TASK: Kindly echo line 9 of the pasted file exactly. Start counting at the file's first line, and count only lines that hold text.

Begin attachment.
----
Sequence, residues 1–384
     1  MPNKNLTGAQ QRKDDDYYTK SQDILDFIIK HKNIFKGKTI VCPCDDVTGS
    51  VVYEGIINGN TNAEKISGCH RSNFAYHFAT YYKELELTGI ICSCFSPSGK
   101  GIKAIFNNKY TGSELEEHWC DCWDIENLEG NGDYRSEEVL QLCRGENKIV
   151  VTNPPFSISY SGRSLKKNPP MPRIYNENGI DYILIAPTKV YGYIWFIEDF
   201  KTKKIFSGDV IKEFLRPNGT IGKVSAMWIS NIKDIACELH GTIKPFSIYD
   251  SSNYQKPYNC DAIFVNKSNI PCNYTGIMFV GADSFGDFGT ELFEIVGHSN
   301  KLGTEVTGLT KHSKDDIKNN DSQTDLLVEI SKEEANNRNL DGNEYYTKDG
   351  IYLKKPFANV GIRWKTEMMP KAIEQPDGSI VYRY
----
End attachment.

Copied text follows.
   351  IYLKKPFANV GIRWKTEMMP KAIEQPDGSI VYRY